Pagani Launches Ultra-Limited $7.4 Million Longtail Huayra
Exactly one of these V12-powered automotive artworks is bound for the America.
Supercars are aspirations of the masses, but Paganis are aspirations of supercar owners. As Brett David, CEO of Miami’s Prestige Imports, told Maxim in 2019, “the experience of owning a Pagani is much greater and more unique than owning any other sports car created. To me, a Pagani is not just a vehicle, it’s a piece of performing art.” The new $7.4 million Huayra Codalunga (Italian for longtail) certainly fits the bill.
In just over three decades, Pagani has produced two instantly legendary models: the Zonda and the Huayra. Founder and former Lamborghini designer Horacio Pagani’s dedication to producing these lauded machines in extremely limited numbers while taking commissions of extravagant and exclusive one-offs affords each vehicle a distinct, work-of-art status.
The latest Huayra Codalunga was intended to be another singularly grand hypercar, but evolved into a few-off project that spawned five examples.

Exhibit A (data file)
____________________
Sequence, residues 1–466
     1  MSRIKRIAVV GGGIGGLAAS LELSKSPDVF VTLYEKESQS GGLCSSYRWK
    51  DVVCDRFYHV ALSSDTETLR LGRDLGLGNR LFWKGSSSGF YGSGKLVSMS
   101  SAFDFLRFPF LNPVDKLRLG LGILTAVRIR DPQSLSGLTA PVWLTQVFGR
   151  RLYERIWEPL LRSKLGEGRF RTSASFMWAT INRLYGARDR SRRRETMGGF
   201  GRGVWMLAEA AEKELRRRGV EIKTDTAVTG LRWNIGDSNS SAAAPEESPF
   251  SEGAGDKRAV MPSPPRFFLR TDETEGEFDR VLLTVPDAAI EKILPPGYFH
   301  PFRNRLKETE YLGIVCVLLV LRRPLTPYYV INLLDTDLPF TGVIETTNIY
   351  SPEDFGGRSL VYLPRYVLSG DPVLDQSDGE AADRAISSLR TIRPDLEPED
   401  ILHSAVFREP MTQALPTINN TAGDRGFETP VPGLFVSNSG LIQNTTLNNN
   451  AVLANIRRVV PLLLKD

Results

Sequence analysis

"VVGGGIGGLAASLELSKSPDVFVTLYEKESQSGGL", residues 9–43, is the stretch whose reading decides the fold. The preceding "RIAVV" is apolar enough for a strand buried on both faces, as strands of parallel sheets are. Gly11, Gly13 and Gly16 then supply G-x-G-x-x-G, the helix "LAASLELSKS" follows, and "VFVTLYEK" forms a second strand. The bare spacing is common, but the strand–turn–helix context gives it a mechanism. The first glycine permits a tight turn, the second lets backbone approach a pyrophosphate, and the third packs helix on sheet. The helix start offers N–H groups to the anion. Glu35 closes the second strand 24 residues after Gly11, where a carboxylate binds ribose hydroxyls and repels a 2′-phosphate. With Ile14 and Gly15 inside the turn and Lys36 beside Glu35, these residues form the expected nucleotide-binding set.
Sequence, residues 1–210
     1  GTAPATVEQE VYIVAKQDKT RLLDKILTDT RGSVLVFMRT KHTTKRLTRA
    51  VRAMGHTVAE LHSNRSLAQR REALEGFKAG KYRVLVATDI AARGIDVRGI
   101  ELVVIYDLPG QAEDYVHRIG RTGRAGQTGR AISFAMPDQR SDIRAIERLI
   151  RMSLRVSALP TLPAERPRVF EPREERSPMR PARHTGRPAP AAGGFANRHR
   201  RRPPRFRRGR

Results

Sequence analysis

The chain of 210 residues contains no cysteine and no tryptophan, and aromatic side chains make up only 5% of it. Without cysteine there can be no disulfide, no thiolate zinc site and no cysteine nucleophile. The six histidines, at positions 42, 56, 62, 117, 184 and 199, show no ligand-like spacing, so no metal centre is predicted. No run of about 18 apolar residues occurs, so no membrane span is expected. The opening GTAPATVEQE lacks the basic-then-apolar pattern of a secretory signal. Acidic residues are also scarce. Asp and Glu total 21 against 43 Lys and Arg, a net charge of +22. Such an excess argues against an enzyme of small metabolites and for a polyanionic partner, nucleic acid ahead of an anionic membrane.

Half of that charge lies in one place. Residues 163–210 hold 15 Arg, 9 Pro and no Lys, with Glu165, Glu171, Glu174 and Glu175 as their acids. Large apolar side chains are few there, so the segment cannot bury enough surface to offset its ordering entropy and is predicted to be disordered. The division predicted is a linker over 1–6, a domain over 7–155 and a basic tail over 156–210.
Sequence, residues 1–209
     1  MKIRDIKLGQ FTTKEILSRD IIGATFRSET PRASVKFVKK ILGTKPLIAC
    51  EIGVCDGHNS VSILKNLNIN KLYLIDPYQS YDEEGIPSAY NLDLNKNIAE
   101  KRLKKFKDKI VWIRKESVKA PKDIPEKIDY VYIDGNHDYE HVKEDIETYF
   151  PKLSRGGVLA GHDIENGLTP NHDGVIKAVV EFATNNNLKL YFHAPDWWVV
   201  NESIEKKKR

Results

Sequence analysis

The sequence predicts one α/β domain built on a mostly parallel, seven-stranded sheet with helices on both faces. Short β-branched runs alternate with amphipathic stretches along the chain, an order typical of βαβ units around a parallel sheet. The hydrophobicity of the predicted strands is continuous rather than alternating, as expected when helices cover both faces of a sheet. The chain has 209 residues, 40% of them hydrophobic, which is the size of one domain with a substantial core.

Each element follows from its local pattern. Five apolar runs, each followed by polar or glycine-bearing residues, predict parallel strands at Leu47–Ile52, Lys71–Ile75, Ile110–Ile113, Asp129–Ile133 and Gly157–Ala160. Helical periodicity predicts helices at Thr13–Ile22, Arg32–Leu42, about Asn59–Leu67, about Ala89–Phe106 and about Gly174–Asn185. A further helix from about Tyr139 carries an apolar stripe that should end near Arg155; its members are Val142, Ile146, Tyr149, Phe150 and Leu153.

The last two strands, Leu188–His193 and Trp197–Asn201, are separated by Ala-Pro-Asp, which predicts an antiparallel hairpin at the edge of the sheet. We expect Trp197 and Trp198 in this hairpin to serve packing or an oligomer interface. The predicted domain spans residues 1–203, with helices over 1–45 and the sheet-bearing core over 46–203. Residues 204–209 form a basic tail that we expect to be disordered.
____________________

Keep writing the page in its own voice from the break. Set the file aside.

“We decided to use the simple linear style of the Huayra Coupé as the starting point,” Pagani said in a statement. “We made the Huayra Codalunga longer and smoother, as if it had been caressed and molded by the wind, to design lines that were even more elegant than the coupe. We drew inspiration from the long tails of the 1960s that raced at Le Mans, which had very clean lines.”
“The Huayra Codalunga comprises very few essential elements; we have taken away rather than added. Simplifying is not at all straightforward, and this vehicle is, above all, the result of a complex pursuit of simple ideas.”
The rear engine cover, which houses the AMG-sourced twin-turbo 6.0-liter rated at 840 horsepower and 811 pound-feet of torque, has been lengthened by nearly 1.2 feet. The rear grille is also absent, allowing a lightweight titanium quad-exhaust coated in ceramic to shine.
As the teaser video heavily implies with a jazzy soundtrack, the aesthetic design is a throwback to 1960s automobilia, featuring a use of neutral colors and simple semi-matte paints. The exterior is complemented by an interior that’s instantly recognizable as Pagani, with seats finished in a woven leather/nubuck upholstery and aluminum components machined from a single block.
Of the five already sold-out Huayra Codalungas created, one of them is bound for the U.S., meaning you just might catch in the wild. Just don’t forget: Pics or it didn’t happen.